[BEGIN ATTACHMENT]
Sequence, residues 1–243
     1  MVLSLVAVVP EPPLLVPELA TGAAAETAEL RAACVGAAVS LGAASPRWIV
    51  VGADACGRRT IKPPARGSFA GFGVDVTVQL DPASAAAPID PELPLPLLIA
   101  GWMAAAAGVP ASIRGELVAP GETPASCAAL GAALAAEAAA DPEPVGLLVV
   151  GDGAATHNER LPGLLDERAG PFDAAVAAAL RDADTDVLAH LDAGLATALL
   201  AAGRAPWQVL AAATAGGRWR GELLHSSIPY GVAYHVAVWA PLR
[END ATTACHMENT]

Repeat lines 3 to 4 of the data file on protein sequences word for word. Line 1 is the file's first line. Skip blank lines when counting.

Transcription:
    51  VGADACGRRT IKPPARGSFA GFGVDVTVQL DPASAAAPID PELPLPLLIA
   101  GWMAAAAGVP ASIRGELVAP GETPASCAAL GAALAAEAAA DPEPVGLLVV